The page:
Will Service

Who Needs a Will?

Virtually everybody! But firstly, if you have never made a will, you are not alone. Approximately 7 out of 10 people die intestate, having not made a will. The result is that the estate is divided between your spouse and their blood relatives according to the laws laid out by Parliament. Where there are no traceable relatives the estate goes to the crown.Why Make a Will?
Many people don’t consider themselves rich, because they may feel relatively cash poor. However they often have assets, particularly property, which can make quite a difference to the gross value of an estate.
In 1995 the government passed a new measure called the Law Reform Succession Act 1995. This amended the 1975 Inheritance Act which meant that the vast majority of couples living outside wedlock can now seek financial provisions from the estate of a deceased co-habitee. A person’s ex and their children can still make a claim. This situation has the potential, to become a minefield, if a you die suddenly, and have not made a written will, potentially resulting in a contested will, where the only winners are the solicitors!

 Things that you should consider including in your Will are:

1) How much money and what property and possessions a person has.

2) Who or what you may want to benefit from your will.

3) Who should look after any children under 18 years of age.

4) Who is going to sort out your estate and carry out a your wishes after your death. (your Executor).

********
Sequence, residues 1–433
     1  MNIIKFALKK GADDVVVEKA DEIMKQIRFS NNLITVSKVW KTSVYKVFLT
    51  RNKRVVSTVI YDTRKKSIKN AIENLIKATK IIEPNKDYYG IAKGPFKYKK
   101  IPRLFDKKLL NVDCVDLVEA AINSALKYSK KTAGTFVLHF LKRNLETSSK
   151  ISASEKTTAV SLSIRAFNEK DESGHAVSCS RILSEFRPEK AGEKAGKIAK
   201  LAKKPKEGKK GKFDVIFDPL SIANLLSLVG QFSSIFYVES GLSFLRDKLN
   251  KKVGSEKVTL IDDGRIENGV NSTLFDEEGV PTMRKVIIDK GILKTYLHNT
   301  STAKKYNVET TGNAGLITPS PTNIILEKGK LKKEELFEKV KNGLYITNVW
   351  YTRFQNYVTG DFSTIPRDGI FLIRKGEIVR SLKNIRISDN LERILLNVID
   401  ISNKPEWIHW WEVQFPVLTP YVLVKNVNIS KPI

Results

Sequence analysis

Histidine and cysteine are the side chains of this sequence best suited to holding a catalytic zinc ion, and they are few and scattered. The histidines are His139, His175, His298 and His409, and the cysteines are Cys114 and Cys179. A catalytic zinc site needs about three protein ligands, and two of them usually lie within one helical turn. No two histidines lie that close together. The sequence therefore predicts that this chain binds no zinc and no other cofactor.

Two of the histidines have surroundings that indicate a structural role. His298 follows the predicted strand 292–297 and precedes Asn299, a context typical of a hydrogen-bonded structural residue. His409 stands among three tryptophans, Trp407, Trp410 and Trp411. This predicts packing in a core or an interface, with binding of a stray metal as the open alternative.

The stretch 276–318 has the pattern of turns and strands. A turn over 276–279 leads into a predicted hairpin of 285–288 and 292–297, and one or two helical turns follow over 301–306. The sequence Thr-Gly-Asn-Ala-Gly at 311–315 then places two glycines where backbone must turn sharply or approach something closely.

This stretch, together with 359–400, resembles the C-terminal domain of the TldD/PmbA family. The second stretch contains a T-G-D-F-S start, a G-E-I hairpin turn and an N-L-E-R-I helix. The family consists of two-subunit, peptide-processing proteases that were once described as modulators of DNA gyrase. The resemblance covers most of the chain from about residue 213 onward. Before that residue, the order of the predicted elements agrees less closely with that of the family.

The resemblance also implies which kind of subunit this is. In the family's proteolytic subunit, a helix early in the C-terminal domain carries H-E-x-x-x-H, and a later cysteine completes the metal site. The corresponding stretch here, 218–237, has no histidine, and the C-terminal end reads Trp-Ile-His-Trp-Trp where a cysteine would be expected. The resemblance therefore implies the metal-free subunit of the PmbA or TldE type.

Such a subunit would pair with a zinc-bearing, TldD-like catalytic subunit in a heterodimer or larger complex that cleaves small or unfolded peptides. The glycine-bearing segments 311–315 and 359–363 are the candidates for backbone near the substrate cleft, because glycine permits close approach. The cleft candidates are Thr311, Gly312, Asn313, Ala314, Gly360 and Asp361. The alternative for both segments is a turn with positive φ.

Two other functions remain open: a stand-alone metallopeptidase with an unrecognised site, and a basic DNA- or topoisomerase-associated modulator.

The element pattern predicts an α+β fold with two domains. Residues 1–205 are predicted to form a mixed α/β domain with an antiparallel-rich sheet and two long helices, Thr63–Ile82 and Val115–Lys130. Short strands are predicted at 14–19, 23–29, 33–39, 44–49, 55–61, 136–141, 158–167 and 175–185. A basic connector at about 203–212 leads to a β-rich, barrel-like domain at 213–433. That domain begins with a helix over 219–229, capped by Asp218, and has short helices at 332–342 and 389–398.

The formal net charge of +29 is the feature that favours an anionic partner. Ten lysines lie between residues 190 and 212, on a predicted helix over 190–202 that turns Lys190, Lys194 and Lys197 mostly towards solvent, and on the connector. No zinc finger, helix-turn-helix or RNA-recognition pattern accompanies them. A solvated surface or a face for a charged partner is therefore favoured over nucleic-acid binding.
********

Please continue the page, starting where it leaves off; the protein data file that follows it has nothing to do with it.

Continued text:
5) An Executor is the person with the legal responsibility for administering the Will. (Traditionally it has been a solicitor although anybody can be appointed in the will to do it.)

A word of caution. Professionalism doesn’t mean financially disinterested! Professional executors are entitled to charge fees relating to the value of the estate, typically 2-4%. Now that might equate to a couple of thousand on a small estate but could easily become a couple of hundred thousand where a large or investment properties, are involved.

 Where someone dies intestate, the administration of the estate, particularly if multiple properties are involved, could run into years or even decades before disputes between the interested parties are resolved, resulting in the executors pocketing a small fortune over the years. Should such a situation arise, it may be advisable to include a cap on the executors fees in your Will.

Particular reasons to have a Will are:

You may have:

1) a complicated estate or the way you wish to pass it on is very detailed.

2) remarried and have children from a previous marriage

3) assets outside the UK

4) a business

5) assets in excess of the inheritance tax threshold

6) someone with mental or physical disabilities to look after.

And Finally

Once you have made your Will, it is important to keep it in a safe place, although not so safe that you forget where it is! Therefore it’s always a good idea to tell your executor or a close friend or relative. If you use a solicitor or Will Writer to write your, will they will normally keep the original and send you a copy.
Once the Will is made you need to keep it up to date. As your estate hopefully grows you might want to change or expand your generosity.
Things happen like divorce, children etc, so remember to keep it current and up to date. Any change must be by ‘codicil’ (an addition, amendment or supplement to a Will) or by making a new Will.
And finally after all that…..remember to sign it.

Use the CONTACT US button, for your enquiries into Will Writing.

Find The Property Shop Widnes on: